(Chinese blog: http://taiyangbao.ca/food/289821 )
We were not expecting to see standing-room only happy hour crowd at 7pm on a Monday night. The thought that perhaps we had the dates mixed up while trying to convince ourselves today was not Friday diminished when the hostess found our reservation in the book. We found out later such is a normal restaurant scene on most weekdays in popular restaurants around downtown Toronto, thanks to the financial and corporate offices inside every towering building spilling out flows of well-dressed ladies in high-heel shoes and nicely-suited gentlemen who gather after work to grab a drink and a bite, to socialize with the peers and quite often, to execute some ladder-climbing motions with managements or sealing business deals. Oh yes, the commercial pulses in Toronto are on a much higher speed, during and after business hours!
But of course, there is always the harsh reality that restaurants without good food and apt vibe will still be left out of the scene. The contemporary décor and energetic crowds in front of the stretch cocktail bar set the mood the instant you step inside Ki. High ceiling, geometric furnishings and attractive colour schemes feed the vibration. It has the casual feel of an upscale chain restaurant and the detailed elegance of an oriental fine-dining club. The girls at the reception and our service team of duo greeted us warmly and provided attentively, indicating calibre staff training which is a must but not necessary found in all restaurants.
We believe the best way to see how Chefs work with the freshest ingredients available in the market is let them take care of our order and allow the surprise factor to elevate the dining pleasure. To add to this anticipated Ki experience was the presence of Ontario’s very first Certified Advance Sake Professional Michael Tremblay, the Head National Sake Sommelier designing and perfecting Ki’s sake programs in both the Toronto and Calgary locations.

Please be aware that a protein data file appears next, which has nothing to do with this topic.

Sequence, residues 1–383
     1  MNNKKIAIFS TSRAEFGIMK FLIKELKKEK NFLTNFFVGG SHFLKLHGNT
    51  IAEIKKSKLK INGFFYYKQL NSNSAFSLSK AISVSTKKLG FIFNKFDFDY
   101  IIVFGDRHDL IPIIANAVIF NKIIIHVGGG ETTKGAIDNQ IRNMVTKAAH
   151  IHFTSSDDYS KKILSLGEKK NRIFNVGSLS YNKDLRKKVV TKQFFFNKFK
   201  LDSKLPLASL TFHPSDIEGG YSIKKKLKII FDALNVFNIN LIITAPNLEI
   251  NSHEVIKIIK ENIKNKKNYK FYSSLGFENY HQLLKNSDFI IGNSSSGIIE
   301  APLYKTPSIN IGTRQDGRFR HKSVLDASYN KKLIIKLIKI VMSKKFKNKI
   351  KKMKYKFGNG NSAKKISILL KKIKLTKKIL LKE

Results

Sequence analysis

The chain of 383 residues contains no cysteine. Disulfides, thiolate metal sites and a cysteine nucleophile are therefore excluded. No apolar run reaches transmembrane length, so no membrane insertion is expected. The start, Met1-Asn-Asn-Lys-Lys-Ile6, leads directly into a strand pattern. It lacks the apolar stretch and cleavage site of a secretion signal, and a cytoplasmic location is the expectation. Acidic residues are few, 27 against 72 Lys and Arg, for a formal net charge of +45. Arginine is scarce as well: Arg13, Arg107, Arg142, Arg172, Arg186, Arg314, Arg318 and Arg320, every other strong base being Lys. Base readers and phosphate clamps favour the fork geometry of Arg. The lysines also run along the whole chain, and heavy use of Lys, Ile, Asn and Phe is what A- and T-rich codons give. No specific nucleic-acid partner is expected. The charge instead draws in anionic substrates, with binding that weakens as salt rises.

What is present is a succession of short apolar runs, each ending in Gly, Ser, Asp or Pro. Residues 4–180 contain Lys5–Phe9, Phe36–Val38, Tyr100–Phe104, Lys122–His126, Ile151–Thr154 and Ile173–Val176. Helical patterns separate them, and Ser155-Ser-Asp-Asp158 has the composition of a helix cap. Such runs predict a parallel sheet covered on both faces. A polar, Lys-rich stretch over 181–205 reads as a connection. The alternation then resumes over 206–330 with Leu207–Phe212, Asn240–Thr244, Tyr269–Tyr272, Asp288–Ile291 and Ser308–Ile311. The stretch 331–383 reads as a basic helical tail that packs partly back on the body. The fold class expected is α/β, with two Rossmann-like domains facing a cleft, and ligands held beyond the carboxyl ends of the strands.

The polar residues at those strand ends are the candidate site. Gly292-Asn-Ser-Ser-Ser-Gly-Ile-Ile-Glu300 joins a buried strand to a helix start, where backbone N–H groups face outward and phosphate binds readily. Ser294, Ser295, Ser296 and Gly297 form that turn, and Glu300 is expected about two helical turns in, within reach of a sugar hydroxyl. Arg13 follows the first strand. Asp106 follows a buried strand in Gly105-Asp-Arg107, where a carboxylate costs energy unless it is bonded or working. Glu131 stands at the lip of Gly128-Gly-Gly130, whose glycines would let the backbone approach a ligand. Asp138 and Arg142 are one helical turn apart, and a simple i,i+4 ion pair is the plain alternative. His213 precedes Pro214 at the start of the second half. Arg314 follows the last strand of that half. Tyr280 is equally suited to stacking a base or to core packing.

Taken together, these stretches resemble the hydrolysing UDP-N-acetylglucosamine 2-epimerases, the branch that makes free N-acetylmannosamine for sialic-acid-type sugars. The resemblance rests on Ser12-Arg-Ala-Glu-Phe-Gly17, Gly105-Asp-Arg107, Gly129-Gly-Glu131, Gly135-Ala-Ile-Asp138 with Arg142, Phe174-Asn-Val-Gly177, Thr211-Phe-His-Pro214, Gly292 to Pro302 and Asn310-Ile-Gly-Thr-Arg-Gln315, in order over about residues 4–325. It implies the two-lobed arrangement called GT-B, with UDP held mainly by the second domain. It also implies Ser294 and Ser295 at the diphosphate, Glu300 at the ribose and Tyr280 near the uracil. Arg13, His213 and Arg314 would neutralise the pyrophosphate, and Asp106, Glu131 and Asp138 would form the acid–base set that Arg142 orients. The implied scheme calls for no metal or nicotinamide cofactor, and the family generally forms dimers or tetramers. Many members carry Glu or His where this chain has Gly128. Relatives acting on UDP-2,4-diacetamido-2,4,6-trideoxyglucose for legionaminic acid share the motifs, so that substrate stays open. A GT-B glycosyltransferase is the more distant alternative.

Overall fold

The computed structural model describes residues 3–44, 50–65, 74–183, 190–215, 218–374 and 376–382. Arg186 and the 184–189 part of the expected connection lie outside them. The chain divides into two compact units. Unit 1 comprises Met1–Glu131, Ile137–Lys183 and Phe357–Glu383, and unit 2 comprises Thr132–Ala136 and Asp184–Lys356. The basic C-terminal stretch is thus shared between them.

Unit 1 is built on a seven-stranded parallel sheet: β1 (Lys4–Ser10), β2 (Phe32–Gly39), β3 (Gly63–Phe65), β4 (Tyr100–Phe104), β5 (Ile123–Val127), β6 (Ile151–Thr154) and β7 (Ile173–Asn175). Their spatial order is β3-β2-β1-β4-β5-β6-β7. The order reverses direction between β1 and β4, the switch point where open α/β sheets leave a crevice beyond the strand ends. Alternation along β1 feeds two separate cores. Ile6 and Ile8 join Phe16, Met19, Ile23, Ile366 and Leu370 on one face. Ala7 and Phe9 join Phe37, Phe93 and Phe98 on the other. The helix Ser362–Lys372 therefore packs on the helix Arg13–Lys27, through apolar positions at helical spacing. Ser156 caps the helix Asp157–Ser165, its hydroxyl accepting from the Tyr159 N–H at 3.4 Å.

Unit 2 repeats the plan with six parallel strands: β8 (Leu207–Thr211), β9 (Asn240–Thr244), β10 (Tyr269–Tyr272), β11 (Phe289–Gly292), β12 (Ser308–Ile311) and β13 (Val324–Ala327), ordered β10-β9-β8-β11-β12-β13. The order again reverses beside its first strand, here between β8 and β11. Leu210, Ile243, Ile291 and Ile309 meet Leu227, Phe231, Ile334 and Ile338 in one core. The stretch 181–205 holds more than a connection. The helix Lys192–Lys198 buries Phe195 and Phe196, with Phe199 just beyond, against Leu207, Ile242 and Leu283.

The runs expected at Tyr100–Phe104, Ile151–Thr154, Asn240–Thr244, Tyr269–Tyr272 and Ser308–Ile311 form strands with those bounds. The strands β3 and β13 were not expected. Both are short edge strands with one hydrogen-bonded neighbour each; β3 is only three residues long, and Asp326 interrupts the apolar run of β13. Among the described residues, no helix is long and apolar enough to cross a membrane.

The protégé of N. American’s renowned Sake Expert John Gauntner, Tremblay hones his Sake knowledge by going to Japan’s top Sake Breweries to observe and talk to the masters all the time. The impressive sake menu at Ki’s confirms Tremblay’s profound passion and deep lore in this ancient art. For sake enthusiasts, ‘sake’ conversations with Tremblay, as he unveils the how and the w5’s of sake making, from choosing the rice and water to the histories of the families and their breweries, is inarguably the highlight of sake-dining here. Tell him what you’re having; his pairing recommendation often becomes the integral part of the meal.Tremblay suggested two sakes, one cold and one warm, to charm our palates that evening. “Cold sake should stay between 10 to 20C while warm sake can be sipped at 40 to 55C. Some sake can be enjoyed at room temperature.” Tremblay explained, “Place unfinished opened bottles of cold sake back to the refrigerator, 2nd fermentation will take place otherwise.”
We started with Nakoa ‘Maboroshi’ Junmai Ginjo from Hiroshima served cold in a wine glass. Hiroshima is the birth place of ginjo and Nakoa Brewery started in 1871. Brewed from 58% ground grains, this Maboroshi Junmai ginjo has a beautiful written Chinese character meaning ‘mirage’ on the bottle. Clear and crisp, this mildly sweet ginjo is quite mellow with subtle aroma, a good sake for beginners and to wake up the palate, no doubt a lovely start to a great dinner, it can be sipped on its own too.
To go with this, we had the Albacore Tuna Tataki with Sweet Chili Dressing, the Torched Salmon Belly and sesame and white miso sauce garnished with dried red pepper and ginger, shaped like a flower. The plate of 6 pieces of almost carved-like sushi was so beautiful it took our breath away for a few seconds, luckily our desire to sink our teeth into it stayed put. You can imagine how exotic one of the sushi - Iko Squid marinated in white truffle oil was and how excited we were to indulge!
With hot items, we had affably served warm sake from Ontario Spring Water Sake Co. here in Toronto. Meaning ‘creek’, the‘Izumi’ Junmai Nama Genshu was poured from a dark clay pot into authentic sake cups which we sipped with admiration. Using premium junmai rice grown in California and water in Ontario, Izumi is a floral unfiltered wine with a lengthy finish. Interestingly, different aspects of the wine character surfaced and somehow harmonized with the nutty-sweetness of the crispy-skin pork belly, the creamy texture of the soft yet firm scallops and the capturing soy-flavoured grilled short ribs. Higher alcohol content and bolder structure give this wine length and depth.
The popularity of sake in Toronto has been on the rise, as indicated by sold out sake events and festivals. Ki’s sake menu is likely one of the most listed and descriptive sake menu in Canada. We both agreed the simple but functional menu is an education tool in itself, a good read for sure for novice or veteran sake lovers. With Tremblay’s immense knowledge in sake and his tireless effort reaching out and explaining to each table ordering sake; no wonder Ki’s sake program is so successful.